Showing posts tagged as "seafood watch"
Looking for some good news? As U.S. fisheries rebound under strict federal management, more species are earning Seafood Watch sustainable ratings. Of the 242 U.S. fishery species assessed by our program, 95% of commercial landings have earned a “Best Choice” or “Good Alternative” recommendation as environmentally responsible options. Seafood Watch upgraded many U.S. fisheries in 2013 based on new peer-reviewed science reports, including red snapper from the Gulf of Mexico, East Coast monkfish and trap-caught black sea bass, and many Atlantic flatfishes.
In honor of National Seafood Month, we’d love to know: what’s your favorite sustainable seafood?
Ryan Bigelow at Seafood Watch and What You Can Do show you how to make choices for healthy oceans. It’s not that hard!
Practicing What We Preach: Recycling at Our Annual Cooking for Solutions Event
The Cooking for Solutions Gala is a remarkable event that takes place each May. In one evening dozens of restaurants and wineries set up stations throughout the Aquarium and over 2,800 epicureans stroll throughout the galleries sampling outstanding wines, seafood and other fine fare. While all this activity goes on inside the building, others are behind the scenes carrying out a seemingly impossible mission—to eliminate virtually all refuse from this event.
The whole idea of Cooking for Solutions is to highlight sustainable agriculture and sustainable seafood—helping us all learn how to make good food choices that contribute to healthy land and healthy oceans. Yet it might seem a little incongruous that thousands of disposable plates, cups and utensils are used in a celebration of sustainability. Not so with Cooking for Solutions. Each guest is given a wine glass and wooden tray (reusable/recyclable) to hold their food and wine samples. Compostable plates are used for some food samples. Disposable cups are made from vegetable-based materials instead of plastic, and are also compostable. Even spoons, forks and napkins are manufactured from compostable material.
Behind the scenes a dedicated crew of sorters is standing by in the Aquarium’s corporation yard. As trash receptacles are emptied inside the building the bags are brought outside for the sorting crew to examine. They quickly separate out any items that may not be compostable and send the rest on to a special bin that has been brought in for the event. Wine bottles are all recycled. The final result: from hundreds of pounds of refuse, only a few pounds actually wind up in the landfill. All the rest goes to compost or recycling.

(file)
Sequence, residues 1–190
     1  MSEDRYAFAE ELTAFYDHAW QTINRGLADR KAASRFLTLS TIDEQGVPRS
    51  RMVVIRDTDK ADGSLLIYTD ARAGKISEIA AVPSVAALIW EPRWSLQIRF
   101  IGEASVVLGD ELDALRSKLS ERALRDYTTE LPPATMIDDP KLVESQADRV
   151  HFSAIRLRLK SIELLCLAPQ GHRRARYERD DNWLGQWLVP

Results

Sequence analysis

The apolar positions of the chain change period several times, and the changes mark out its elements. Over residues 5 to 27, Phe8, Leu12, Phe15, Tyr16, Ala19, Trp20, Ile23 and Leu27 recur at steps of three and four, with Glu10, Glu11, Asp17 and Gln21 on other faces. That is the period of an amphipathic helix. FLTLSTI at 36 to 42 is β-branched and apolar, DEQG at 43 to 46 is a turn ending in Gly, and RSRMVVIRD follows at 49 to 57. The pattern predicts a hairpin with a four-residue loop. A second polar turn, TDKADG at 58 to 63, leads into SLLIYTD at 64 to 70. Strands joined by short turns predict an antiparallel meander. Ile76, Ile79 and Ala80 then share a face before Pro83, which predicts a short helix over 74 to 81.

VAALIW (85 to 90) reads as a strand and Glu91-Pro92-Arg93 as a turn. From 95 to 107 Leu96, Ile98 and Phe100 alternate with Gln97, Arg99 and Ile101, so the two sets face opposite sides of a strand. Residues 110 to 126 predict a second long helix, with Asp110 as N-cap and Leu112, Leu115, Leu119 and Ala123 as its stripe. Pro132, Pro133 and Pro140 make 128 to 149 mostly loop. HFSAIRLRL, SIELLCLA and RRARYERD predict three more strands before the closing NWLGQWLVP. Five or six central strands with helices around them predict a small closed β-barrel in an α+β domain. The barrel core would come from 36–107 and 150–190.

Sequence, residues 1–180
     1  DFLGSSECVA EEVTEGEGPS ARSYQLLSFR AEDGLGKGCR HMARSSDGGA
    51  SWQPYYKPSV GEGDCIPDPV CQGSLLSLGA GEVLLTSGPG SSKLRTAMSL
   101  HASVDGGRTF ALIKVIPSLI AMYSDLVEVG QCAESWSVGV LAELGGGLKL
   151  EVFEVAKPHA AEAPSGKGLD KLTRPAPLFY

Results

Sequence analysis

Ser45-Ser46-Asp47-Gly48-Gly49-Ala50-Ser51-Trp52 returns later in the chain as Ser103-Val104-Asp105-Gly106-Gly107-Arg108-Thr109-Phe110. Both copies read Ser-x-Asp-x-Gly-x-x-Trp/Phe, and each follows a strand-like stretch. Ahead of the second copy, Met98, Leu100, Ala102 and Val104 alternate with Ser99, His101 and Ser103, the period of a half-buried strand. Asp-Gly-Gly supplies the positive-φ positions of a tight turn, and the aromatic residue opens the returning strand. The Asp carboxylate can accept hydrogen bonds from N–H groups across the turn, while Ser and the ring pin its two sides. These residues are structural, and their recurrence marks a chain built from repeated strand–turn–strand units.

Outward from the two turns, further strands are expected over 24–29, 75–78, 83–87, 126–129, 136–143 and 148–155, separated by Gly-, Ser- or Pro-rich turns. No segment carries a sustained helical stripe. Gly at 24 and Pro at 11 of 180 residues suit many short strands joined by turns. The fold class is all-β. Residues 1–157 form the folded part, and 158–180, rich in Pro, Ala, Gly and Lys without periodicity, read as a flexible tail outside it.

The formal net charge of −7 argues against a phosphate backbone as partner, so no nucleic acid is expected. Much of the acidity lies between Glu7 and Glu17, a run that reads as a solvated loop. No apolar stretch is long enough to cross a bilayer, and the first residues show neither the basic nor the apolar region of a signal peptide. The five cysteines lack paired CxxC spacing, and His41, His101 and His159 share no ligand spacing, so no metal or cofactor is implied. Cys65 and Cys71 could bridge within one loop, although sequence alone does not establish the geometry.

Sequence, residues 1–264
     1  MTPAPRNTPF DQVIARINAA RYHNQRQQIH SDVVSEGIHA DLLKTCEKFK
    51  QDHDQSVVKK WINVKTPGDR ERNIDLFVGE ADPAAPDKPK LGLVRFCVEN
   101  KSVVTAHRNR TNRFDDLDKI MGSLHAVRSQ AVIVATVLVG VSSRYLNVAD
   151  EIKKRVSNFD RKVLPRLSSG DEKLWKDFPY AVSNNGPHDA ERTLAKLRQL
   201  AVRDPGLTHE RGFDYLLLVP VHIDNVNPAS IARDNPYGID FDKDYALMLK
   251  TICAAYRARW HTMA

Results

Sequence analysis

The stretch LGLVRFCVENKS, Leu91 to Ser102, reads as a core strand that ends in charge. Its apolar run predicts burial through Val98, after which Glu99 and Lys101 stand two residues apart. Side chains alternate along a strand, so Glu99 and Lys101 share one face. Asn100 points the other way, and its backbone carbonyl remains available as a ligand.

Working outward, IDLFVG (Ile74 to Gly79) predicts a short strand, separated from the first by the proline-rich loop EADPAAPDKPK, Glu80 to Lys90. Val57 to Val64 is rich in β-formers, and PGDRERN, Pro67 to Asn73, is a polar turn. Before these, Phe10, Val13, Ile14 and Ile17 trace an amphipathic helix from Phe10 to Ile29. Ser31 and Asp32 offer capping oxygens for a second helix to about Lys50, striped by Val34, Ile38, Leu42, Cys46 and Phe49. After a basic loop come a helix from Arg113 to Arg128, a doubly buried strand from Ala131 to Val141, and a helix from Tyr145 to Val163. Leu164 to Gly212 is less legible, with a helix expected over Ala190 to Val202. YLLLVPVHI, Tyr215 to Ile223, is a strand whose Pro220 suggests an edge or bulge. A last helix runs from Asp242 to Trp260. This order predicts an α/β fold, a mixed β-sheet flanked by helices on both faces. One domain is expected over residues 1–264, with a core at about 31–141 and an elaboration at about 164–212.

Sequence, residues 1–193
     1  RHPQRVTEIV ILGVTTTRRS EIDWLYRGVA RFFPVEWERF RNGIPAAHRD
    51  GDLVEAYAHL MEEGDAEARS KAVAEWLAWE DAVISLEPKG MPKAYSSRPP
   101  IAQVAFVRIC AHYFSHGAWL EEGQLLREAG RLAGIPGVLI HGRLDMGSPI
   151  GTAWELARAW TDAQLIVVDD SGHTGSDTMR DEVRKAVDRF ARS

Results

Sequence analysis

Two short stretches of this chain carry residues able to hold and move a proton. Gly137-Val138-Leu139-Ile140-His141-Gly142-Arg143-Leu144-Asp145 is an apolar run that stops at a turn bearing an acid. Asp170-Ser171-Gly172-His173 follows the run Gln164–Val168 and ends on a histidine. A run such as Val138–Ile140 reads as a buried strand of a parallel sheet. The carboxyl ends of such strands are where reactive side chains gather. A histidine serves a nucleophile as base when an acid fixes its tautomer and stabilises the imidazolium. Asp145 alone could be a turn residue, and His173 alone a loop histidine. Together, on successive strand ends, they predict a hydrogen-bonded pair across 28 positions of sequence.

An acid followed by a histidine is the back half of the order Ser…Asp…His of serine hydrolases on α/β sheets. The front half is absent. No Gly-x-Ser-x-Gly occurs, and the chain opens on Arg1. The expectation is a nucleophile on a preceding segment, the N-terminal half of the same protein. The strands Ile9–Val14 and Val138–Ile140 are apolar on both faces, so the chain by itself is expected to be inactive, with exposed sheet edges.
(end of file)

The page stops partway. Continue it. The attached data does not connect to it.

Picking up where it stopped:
In a world where many resources are increasingly scarce, the old saying, “Waste not want not” takes on a new meaning. If we learn to reduce our waste stream, and make smart use of resources and reuse/recycle where possible, we may avoid wanting for those resources in the future. The Aquarium’s Seafood Watch program, and our support of sustainable agriculture, are all about the wise use of our land and sea resources so we will never want for food. That’s the solution we’re cooking up and it’s a great recipe for a future we can all savor.
—Jim Covel, Senior Manager of Guest Experience Training & Interpretation
Did you know that Carla Hall wants to have breakfast with you? We still have tickets for this and other events at Cooking for Solutions, May 17-19!
Entered our contest yet? This could be you May 17!
Entered yet? In our “Gala Giveaway” sweeps, you could win two tickets to the Cooking for Solutions culinary celebration May 17! Weekly prizes, too…
Great news! The latest round of Seafood Watch updates includes more new and revised recommendations than ever before—everything from wild-caught clams, to oysters, Atlantic flatfish and farmed tilapia. We’re most excited about the “upgrading” of several species from “Avoid” to “Good Alternative,” which indicates positive changes for fisheries management.
Our mobile site is updated and better than ever!